Reuse of Wastewater (interview with Dr. Valentina Lazarova)

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Reuse of Wastewater (interview with Dr. Valentina Lazarova)

Reuse of Wastewater


Reuse of treated municipal wastewater is normally taken as an intervention that supplements water supply. That is rightly so, since in most cases in developing countries, the treated municipal wastewater is used for irrigation of road greenbelts, golf courses, parks and playgrounds.

I recently came across an interview of Dr. Valentina Lazarova, an expert with over 25 years of research and practical experience in the field of Environmental Engineering. She is the chair of the IWA (International Water Association) Water Reuse Specialist Group. The interview was conducted by Dr. Vidhya Chittoor Viswanathan, Impact Director at AquaSPE, Zurich, Switzerland. Dr. Vidhya has a strong technical background in civil and environmental engineering. Her doctoral thesis was on studying the impact of river restoration on surface water quality across various scales (from river reach-scale to catchment-scale).

On the constraints in the reuse of wastewater, Dr Valentina said:

“The main constraints for the development of potable water reuse are inadequate communication, misunderstanding of the efficiency and reliability of the available treatment technologies and water quality control tools. As a consequence, public opposition and concerns of unknown micropollutants or pathogens were the key arguments against the development of some potable reuse projects. In fact, unplanned potable reuse is a wide uncontrolled practice worldwide associated with higher health risks compared to planned water reuse. For these reasons, the major challenges for indirect potable reuse remain the public support, regulatory approval, high capital and operation costs, including very high monitoring costs for emerging micropollutants.”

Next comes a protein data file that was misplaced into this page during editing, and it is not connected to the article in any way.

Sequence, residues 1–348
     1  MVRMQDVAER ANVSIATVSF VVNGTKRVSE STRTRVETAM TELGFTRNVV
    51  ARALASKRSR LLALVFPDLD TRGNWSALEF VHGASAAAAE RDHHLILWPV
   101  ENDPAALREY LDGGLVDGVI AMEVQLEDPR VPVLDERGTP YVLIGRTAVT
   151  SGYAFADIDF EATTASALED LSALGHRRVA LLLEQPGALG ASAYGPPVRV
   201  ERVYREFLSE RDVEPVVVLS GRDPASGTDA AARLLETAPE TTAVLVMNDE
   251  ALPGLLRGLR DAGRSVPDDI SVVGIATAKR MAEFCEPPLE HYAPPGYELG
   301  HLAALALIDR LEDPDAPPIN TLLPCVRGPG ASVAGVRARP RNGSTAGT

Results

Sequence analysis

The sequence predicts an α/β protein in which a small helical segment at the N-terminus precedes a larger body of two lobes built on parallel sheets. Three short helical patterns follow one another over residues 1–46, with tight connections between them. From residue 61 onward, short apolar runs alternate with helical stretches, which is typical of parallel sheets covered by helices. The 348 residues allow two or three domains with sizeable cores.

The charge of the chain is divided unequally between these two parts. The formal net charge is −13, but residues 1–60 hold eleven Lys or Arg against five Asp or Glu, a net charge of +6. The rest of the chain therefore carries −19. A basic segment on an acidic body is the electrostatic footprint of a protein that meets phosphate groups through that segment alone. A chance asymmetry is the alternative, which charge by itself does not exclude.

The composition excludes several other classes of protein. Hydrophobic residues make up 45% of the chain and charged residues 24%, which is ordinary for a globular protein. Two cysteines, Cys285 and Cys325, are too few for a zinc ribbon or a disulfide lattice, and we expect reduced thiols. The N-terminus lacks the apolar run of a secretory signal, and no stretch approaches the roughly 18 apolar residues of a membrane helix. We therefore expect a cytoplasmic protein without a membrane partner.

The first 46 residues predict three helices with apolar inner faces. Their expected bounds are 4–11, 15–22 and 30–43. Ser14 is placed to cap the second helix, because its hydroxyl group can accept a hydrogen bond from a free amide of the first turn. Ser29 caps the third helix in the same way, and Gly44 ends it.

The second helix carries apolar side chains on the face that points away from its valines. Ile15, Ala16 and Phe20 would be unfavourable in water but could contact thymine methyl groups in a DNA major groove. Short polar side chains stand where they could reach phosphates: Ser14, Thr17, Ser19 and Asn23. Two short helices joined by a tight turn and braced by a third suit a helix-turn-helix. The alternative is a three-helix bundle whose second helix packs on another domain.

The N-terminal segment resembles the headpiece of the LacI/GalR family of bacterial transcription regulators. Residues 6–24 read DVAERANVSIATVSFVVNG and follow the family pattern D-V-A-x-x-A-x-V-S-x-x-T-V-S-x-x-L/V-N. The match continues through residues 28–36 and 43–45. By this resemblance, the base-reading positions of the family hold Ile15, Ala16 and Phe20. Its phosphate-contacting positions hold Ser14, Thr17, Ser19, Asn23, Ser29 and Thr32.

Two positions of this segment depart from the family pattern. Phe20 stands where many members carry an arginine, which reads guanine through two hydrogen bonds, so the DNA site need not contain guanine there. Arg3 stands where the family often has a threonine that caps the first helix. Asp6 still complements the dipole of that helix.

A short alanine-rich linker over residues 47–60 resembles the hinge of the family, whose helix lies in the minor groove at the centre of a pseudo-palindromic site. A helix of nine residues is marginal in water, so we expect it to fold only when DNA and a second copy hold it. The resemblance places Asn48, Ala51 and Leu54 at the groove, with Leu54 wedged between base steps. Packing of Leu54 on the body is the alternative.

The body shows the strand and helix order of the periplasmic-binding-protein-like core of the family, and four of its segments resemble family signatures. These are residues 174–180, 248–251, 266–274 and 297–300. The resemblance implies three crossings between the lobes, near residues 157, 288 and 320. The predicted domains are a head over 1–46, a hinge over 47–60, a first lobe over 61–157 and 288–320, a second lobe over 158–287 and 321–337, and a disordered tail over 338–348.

Dr. Valentina’s response is useful as the efficiency of treatment technologies and, monitoring of treated effluents are the two important adjuncts that has to be considered seriously, if risks, associated with the use of treated wastewater, are to be avoided.

As regards the fears of presence of pathogens, Dr Valentina says:

“We have also many examples where misunderstanding of water reuse is blocking the development of projects for irrigation with well treated wastewater, while many rivers used for irrigation are much more polluted that recycled water. Independent of the type of reuse application and the country, the public’s knowledge and understanding of the safety and suitability of recycled water is a key factor for the success of any water reuse programme. Consistent communication and easy to understand messages need to be developed for the public and politicians explaining the benefits of water reuse for the long term water security and sustainable urban water cycle management.

There are few proven solutions available to convince the public at large and the project stakeholders regarding the safety and relevance of water reuse. Undoubtedly, the use of a clear and positive terminology and simple explanations on water quality, treatment technology and water reuse benefits are necessary to build-up credibility and trust in water reuse. Existing experience and lessons learned are very important to convince decision makers. Finally, the most important recommendation is to inform and involve the public, politicians and all stakeholders from the beginning of any water reuse project. The increasing media impact and the new communication tools via internet should also be taken into account.”


While many rivers are polluted and receive untreated wastewater discharges, Dr. Valentina’s point of knowledge and understanding of the safety and suitability of the recycled water merits attention.

On treatment technology, she says: “The combination of microfiltration (MF) and reverse osmosis (RO - recognised as a “multiple barriers” polishing of municipal effluents - is considered as the best available technology for potable water reuse applications.”

For large scale operations, e.g., NeWater Project in Singapore, her point of view is correct, but in case of small-level situations in developing countries, it would be rather difficult to go for MF and RO technologies, if the treated wastewater is to be used for irrigation.

The details of the interview can be accessed at:

thewaternetwork.com/post-FfV/interview-o...kC1VqBD5JJZNm5o2Q9yg

While still on the same note, I came across a by article by Gary Chandler titled: Alzheimer’s Disease Epidemic Fueled By Sewage Contamination. The article sent shivers through my spine. I have created a separate post on it here:
forum.susana.org/forum/categories/26-hea...eimers-disease#15323



F H Mughal

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Re: Reuse of Wastewater

Dear Eng. Mughal

Kindly note that we reprinted a related paper entitled “Investing in the Reuse of Treated Wastewater” in the May-June 2014 edition of the Africa Water, Sanitation & Hygiene”.

The paper was prepared by Chris Scott of International Water Management Institute (IWMI). It was revised by Salah Darghouth, Water Adviser for the Agriculture and Rural Development Department (ARD) of the World Bank, and Ariel Dinar, Lead Economist in ARD at the World Bank—both part of the Water for Food Team.